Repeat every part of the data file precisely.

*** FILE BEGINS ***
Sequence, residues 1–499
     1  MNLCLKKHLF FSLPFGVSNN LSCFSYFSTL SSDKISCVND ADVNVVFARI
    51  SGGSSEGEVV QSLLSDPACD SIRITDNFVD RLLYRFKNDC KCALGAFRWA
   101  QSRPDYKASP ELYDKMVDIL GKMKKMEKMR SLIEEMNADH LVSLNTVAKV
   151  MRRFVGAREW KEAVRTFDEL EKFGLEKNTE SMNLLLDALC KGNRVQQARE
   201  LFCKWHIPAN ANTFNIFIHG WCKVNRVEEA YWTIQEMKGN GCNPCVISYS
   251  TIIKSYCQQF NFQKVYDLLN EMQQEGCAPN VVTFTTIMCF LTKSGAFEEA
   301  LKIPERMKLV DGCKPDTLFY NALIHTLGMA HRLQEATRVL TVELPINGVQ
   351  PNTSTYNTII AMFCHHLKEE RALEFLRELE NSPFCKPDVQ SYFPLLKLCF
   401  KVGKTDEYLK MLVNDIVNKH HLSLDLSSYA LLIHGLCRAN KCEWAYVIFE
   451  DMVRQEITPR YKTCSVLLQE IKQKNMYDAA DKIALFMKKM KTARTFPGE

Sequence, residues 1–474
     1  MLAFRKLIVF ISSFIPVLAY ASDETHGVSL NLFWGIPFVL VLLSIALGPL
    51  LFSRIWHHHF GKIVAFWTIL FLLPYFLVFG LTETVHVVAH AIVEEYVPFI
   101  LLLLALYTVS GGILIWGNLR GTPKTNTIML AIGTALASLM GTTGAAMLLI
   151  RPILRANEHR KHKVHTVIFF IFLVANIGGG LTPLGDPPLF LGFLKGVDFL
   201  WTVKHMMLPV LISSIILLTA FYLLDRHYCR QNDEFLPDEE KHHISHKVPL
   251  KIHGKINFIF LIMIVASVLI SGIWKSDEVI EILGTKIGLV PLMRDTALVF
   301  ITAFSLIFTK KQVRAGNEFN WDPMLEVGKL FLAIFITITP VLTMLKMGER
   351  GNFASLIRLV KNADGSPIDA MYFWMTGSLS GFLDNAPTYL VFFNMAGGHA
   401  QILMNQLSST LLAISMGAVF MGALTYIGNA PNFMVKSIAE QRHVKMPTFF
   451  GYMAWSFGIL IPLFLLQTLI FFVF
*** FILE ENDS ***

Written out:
Sequence, residues 1–499
     1  MNLCLKKHLF FSLPFGVSNN LSCFSYFSTL SSDKISCVND ADVNVVFARI
    51  SGGSSEGEVV QSLLSDPACD SIRITDNFVD RLLYRFKNDC KCALGAFRWA
   101  QSRPDYKASP ELYDKMVDIL GKMKKMEKMR SLIEEMNADH LVSLNTVAKV
   151  MRRFVGAREW KEAVRTFDEL EKFGLEKNTE SMNLLLDALC KGNRVQQARE
   201  LFCKWHIPAN ANTFNIFIHG WCKVNRVEEA YWTIQEMKGN GCNPCVISYS
   251  TIIKSYCQQF NFQKVYDLLN EMQQEGCAPN VVTFTTIMCF LTKSGAFEEA
   301  LKIPERMKLV DGCKPDTLFY NALIHTLGMA HRLQEATRVL TVELPINGVQ
   351  PNTSTYNTII AMFCHHLKEE RALEFLRELE NSPFCKPDVQ SYFPLLKLCF
   401  KVGKTDEYLK MLVNDIVNKH HLSLDLSSYA LLIHGLCRAN KCEWAYVIFE
   451  DMVRQEITPR YKTCSVLLQE IKQKNMYDAA DKIALFMKKM KTARTFPGE

Sequence, residues 1–474
     1  MLAFRKLIVF ISSFIPVLAY ASDETHGVSL NLFWGIPFVL VLLSIALGPL
    51  LFSRIWHHHF GKIVAFWTIL FLLPYFLVFG LTETVHVVAH AIVEEYVPFI
   101  LLLLALYTVS GGILIWGNLR GTPKTNTIML AIGTALASLM GTTGAAMLLI
   151  RPILRANEHR KHKVHTVIFF IFLVANIGGG LTPLGDPPLF LGFLKGVDFL
   201  WTVKHMMLPV LISSIILLTA FYLLDRHYCR QNDEFLPDEE KHHISHKVPL
   251  KIHGKINFIF LIMIVASVLI SGIWKSDEVI EILGTKIGLV PLMRDTALVF
   301  ITAFSLIFTK KQVRAGNEFN WDPMLEVGKL FLAIFITITP VLTMLKMGER
   351  GNFASLIRLV KNADGSPIDA MYFWMTGSLS GFLDNAPTYL VFFNMAGGHA
   401  QILMNQLSST LLAISMGAVF MGALTYIGNA PNFMVKSIAE QRHVKMPTFF
   451  GYMAWSFGIL IPLFLLQTLI FFVF